Williams' economics, of course, is spot on, and his simple way of explaining it must send shudders down the backs of his opponents.  It is extremely important to note that much of what is called "free-market capitalism" today is nowhere near the free market or capitalism.  I, along with Walter Williams and every other believer in free-market capitalism, deplore the "crony capitalism" that goes on in Washington.  It's been going on for a long time.  Even the "laissez-faire" late-19th century was hardly that.  Most of the trans-continental railroads were built (wastefully and fraudently) with government money, and most of them eventually went bankrupt (the only one that didn't was James Hill's Great Northern, which he built with private money and no government loans).  When the Obama administration hands out hundreds of millions of dollars to its favorites (e.g., Solyndra, et al), that is NOT capitalism.  And, not surprisingly, many of those ventures eventually fail for the reasons that Williams points out--they aren't built upon the peacable, voluntary exchange of producuers and consumers but on tyranny and force.  And you can't build a successful economy on those principles.

You see, not only is free market capitalism "rutheless in its profit and loss discipline," consumers are "ruthless", too.  If businesses do not provide the goods and services that consumer want--consumer self-interest--those businesses will fail.  And do you think consumers care if those businesses fail?  Of course not.  The very reason those businesses DO fail is because of consumers not buying their products; somebody else is doing a better job of meeting consumers' "self-interest".  Such a business should succeed because it is giving people what they want at a price they want to pay.  And their profits will tell just how successful they are at doing what consumers want them to do.  And those CEOs who have the foresight and wisdom to help those companies make those profits--profits, remember, made because that company is providing consumers what they want--should be well-rewarded for it.  What they get paid is none of my business, or your business, or the media's business, and it's certainly not Barack Obama's business.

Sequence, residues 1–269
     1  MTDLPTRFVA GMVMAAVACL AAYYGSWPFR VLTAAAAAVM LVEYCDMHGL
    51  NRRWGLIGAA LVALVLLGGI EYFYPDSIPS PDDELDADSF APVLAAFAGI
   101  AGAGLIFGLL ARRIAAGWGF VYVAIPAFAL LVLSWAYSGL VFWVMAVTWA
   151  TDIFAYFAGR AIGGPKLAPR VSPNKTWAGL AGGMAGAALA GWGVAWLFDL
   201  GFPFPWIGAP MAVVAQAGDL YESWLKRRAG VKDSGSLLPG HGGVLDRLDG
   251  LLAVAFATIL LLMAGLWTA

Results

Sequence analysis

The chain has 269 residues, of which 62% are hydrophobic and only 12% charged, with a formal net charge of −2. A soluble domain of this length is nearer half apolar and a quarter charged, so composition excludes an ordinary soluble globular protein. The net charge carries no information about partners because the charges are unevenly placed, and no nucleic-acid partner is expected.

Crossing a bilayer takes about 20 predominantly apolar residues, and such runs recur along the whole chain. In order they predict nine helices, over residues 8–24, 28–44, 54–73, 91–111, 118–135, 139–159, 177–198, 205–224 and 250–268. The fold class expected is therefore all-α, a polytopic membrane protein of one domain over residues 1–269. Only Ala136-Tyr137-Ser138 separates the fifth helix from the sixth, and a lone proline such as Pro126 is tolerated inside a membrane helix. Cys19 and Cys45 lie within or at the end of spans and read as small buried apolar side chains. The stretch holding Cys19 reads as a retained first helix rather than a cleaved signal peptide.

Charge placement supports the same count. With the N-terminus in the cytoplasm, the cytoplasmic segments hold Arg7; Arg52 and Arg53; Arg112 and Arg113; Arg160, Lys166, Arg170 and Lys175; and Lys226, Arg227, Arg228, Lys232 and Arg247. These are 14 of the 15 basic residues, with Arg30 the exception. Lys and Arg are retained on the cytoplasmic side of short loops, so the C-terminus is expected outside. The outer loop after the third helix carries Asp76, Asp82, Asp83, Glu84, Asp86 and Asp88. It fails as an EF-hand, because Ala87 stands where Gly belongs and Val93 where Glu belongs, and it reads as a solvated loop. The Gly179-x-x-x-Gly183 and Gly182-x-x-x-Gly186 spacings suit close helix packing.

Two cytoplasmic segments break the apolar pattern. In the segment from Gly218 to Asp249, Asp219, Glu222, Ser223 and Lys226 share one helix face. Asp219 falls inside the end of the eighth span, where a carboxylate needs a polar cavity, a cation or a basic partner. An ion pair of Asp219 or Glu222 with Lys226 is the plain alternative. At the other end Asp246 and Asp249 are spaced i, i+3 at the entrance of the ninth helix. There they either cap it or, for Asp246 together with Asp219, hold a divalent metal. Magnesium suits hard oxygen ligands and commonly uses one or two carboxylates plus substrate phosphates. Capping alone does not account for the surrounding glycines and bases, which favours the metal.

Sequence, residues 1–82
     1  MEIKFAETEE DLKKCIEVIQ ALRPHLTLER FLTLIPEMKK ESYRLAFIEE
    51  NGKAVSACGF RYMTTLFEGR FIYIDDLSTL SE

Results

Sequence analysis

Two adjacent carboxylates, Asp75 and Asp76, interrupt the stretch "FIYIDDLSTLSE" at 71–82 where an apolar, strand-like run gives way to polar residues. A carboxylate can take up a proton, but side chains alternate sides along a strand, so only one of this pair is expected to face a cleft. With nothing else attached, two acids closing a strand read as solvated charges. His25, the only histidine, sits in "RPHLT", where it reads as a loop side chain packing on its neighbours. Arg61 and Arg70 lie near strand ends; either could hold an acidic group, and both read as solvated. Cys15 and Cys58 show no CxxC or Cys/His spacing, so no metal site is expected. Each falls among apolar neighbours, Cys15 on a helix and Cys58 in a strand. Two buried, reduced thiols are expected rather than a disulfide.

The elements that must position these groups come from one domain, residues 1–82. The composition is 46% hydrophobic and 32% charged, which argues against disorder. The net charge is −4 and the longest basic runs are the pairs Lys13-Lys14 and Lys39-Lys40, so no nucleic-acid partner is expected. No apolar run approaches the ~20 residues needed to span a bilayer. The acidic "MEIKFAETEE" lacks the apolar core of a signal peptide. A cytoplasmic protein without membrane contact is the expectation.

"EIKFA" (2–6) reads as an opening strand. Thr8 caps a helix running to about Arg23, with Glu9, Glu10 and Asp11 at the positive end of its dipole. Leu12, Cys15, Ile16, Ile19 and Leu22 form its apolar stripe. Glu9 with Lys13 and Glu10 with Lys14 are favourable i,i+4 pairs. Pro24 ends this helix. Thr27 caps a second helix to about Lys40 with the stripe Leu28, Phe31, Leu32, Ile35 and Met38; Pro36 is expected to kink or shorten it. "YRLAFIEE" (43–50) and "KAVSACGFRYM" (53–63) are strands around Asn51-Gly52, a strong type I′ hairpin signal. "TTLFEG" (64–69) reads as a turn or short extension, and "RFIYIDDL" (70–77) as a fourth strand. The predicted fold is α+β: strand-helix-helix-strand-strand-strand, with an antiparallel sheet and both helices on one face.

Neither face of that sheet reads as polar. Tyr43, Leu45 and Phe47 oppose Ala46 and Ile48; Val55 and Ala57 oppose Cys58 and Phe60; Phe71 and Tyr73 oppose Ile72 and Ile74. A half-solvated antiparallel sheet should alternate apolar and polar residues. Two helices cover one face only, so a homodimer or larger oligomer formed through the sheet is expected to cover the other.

But, the lines in this year's presidential debate are already being drawn.  Since it's obvious now that Mitt Romney is going to be the Republican nominee, swords are being drawn against "venture capitalists."  I don't know anything about Mitt Romney's former business enterprises, and I don't care enough, at the moment, to do any research about it.  And I doubt those who are starting to scream loudly about him know anything, either.  I do know I get sick of reading statements like "all businesses care about are profits."  That reeks of reading somebody's heart and mind to me, and nobody has that ability.  But worse than that, and what really aggravates me, it is a horrible, unjustified slight on millions and millions of hard-working, successful Americans, who have worked, saved, sweated, and sacrificed to build their own economic futures.  And while there are always some who cheat, the vast, vast, vast majority of successful American businessmen have played by the rules and earned what they have by the sweat of their brows and by their own foresight, industry, frugality, and virtue.  And to hear worthless, useless incompetents like Barack Obama and his Democratic Party buffoons villify them, and build a whole movement--"Occupy whatever"--on class warfare, is a disgraceful, despicable thing.  I have nothing but contempt for those who want to punish success, to "legally" steal (through taxes) from those who have succeeded just to buy votes of the stupid masses and stay in power.  But that is Barack Obama and the Democratic Party, and they are liable to be in power...until there isn't anything left to steal.  Read:  Europe.

I have absolutely no use for businesses who cozy up to government for protection against the ruthlessness of the free market; it's consumers who suffer when that happens.  But that's just another reason why government needs to be seriously downsized and stay out of the business world.  There is a place and time for government to step in and protect property--that means my property, too, and that means, at times, against abusive business.  But keep that involvement as minimal as possible and never subsidize businesses that can't profit on their own.  If people want solar energy or electric cars--and it's obvious they don't--they'll demand it and it will be provided for them, cheaply, efficiently, and resourcefully, by the free market.  Barack Obama and his Marxist, secular intellectual tyrants, may think they know what it's my self-interest.  But I beg to differ. 

And even if I'm stupid and don't know any better, I still want the freedom to be stupid and to make my choices for myself.  With my own money.  Buying what I want to buy.  When I want to buy it.  From whom I want to buy it (thank you, Wal-Mart).  Can somebody--anybody--explain to me why I should let those decisions be taken away from me and given to Barack Obama, a man who, the only thing he knows how to run is his mouth?